Merthyr Tydfil mother backs reservoir danger campaign
A mother whose teenage son died in a reservoir accident has backed a campaign warning of summer swimming dangers.
Water companies are warning people not to venture into reservoirs to cool off and swim during warm weather.
It follows the deaths of three swimmers in the past two months after getting into difficulty in the water.
Reuben Morgan, 15, from Merthyr Tydfil, drowned in 2006 and his mother said his death had had a massive impact.
Swimming in the Pontsticill Reservoir was a challenge with a group of 10 friends, while they camped nearby after their GCSE exams in June 2006.
Reuben's friends made it across but after disappearing under the water three times he did not resurface. It took divers three days to find his body.
His mother Maxine Johnson said: "They couldn't pinpoint where he was in the reservoir, which was really traumatic.
"I was a bit naive - I didn't think he'd go in the water, why I didn't think that, because he was a very adventurous boy.
"He thought he was invincible - he was a very strong fit boy and he had the stature of a man and worked out in a gym.
"I suppose he thought he'd be able to get across. Knowing what I know now about the dangers of reservoirs, for Reuben it was the coldness of the water - the freezing temperatures that killed him."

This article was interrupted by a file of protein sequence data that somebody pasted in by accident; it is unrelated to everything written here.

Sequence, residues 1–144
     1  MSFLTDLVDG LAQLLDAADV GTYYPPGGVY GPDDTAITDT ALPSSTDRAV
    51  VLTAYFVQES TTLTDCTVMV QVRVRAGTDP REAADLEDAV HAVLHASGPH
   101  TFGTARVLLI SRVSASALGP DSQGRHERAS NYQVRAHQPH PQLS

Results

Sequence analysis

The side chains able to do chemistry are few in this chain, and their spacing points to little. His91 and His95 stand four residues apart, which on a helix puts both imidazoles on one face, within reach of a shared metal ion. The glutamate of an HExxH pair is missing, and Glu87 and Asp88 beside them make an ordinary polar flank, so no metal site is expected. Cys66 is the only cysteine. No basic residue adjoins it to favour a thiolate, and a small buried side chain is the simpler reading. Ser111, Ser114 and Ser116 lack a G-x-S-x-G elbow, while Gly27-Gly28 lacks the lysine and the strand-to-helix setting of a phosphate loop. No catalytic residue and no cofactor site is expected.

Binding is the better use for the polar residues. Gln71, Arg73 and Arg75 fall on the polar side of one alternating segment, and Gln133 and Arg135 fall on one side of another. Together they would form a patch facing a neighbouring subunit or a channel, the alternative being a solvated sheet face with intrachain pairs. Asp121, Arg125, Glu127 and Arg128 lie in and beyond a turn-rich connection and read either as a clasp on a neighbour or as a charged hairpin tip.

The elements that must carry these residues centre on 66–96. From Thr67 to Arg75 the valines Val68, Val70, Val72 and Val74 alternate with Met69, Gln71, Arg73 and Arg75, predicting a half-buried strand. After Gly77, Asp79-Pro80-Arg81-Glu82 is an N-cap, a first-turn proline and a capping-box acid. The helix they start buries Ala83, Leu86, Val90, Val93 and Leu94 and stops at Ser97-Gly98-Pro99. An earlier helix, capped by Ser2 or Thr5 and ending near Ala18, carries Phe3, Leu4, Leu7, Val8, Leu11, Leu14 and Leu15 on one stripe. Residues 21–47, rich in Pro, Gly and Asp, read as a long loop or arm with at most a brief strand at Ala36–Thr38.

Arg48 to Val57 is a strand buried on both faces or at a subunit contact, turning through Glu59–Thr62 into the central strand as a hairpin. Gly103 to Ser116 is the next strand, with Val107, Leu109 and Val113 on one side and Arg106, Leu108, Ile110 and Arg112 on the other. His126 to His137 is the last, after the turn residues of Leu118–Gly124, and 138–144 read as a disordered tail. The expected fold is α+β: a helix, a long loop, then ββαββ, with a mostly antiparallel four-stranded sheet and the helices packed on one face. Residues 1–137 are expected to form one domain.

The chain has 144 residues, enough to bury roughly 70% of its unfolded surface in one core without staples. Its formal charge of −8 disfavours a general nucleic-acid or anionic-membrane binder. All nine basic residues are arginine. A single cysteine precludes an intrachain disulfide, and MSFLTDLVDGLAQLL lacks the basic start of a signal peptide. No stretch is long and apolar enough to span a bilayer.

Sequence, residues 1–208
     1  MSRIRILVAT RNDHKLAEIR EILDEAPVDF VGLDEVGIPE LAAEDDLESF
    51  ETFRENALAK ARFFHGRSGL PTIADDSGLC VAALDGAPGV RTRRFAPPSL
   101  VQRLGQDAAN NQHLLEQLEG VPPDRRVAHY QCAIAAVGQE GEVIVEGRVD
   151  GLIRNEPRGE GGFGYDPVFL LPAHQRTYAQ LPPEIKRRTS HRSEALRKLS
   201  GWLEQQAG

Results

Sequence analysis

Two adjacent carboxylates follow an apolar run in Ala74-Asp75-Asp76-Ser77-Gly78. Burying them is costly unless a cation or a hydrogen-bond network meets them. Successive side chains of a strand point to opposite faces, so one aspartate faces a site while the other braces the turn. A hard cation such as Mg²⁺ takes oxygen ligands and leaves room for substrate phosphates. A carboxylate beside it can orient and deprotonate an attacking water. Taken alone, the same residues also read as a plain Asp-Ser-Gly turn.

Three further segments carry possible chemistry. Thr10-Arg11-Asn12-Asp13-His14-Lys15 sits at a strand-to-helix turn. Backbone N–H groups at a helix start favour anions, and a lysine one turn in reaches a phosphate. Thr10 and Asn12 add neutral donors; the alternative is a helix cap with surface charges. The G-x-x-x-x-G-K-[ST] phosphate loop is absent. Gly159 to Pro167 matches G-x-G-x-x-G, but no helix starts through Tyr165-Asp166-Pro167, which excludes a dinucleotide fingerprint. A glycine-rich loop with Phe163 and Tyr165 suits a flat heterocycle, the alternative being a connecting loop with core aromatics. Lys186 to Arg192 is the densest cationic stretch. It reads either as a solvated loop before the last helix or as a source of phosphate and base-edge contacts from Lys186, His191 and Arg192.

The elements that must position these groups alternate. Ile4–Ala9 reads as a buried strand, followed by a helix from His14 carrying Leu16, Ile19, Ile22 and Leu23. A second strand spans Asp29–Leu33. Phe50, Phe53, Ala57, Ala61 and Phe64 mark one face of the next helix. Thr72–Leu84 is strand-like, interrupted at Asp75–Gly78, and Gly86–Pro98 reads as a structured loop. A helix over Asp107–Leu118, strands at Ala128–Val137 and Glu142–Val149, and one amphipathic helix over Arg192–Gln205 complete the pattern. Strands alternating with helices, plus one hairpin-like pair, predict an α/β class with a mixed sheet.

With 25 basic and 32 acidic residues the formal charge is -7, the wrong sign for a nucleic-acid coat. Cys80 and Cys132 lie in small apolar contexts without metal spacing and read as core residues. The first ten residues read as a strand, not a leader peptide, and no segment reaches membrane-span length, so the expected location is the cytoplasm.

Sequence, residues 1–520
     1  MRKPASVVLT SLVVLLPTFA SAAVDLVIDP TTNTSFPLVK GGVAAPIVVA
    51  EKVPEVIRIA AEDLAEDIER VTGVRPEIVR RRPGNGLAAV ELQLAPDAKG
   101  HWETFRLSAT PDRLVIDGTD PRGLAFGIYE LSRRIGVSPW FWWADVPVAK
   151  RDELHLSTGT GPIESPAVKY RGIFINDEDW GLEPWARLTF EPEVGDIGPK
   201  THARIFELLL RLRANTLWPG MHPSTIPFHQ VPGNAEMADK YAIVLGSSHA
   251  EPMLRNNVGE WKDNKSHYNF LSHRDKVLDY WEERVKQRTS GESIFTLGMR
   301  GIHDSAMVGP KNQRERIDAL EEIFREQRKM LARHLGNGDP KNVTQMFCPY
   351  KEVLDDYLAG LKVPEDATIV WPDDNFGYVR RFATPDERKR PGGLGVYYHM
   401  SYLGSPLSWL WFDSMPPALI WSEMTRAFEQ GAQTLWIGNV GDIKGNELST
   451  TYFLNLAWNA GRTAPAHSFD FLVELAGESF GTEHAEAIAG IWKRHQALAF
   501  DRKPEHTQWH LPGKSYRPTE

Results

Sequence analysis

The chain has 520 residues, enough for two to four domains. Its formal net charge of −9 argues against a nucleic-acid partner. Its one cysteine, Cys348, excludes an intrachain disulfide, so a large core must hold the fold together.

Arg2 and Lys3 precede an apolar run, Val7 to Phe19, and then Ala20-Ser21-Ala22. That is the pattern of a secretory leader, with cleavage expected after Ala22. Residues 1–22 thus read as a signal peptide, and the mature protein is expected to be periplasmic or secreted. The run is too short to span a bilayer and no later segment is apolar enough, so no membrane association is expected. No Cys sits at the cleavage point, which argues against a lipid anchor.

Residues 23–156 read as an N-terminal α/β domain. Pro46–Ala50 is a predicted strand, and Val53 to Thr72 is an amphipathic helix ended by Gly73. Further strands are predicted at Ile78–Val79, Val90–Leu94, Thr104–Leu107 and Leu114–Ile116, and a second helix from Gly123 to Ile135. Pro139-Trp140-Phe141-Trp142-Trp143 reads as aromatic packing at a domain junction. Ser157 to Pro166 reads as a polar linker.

Reuben's friend Lauren Jennings, who now works for Welsh Water, said: "The evening before we were all in the reservoir. The scariest thing is there were 11 of us swimming, it could have been any of us or all of us.
"Although it happened eight years ago, it's like it happened yesterday."
Dwr Cymru Welsh Water, which maintains 80 reservoirs, said repeated warnings were being ignored.
Two people died at Pontsticill and Cantref reservoirs last year and people have been reported swimming in the past few weeks at Llwyn Onn in the Brecon Beacons and Bwllfa Dare in Aberdare.
Chris Jones, chief executive, said: "These are dangerous places and not safe for swimming.
"They might look safe and placid but the water is very cold and very deep, the banks can be steep and there are currents there can suck you under.
"We don't want to put people off coming to reservoirs but stay out of the water."
Head ranger Tony Busby patrols the reservoirs and he said there were hidden dangers with pumps and machinery which could not be seen on the surface.
"They're like building sites covered in water," he said.
"We have to be really vigilant. A lot of people don't realise they're doing wrong or the dangers there. We try and tell them as forcefully and politely as we can of the risks."
- Automatic equipment under the surface of the water can sometimes operate without obvious warning
- Very cold and deep water can cause even strong swimmers to find themselves in difficulty
- Most reservoirs are in remote locations, with little or no mobile phone reception, so the chance of rescue is greatly reduced
Source: Dwr Cymru Welsh Water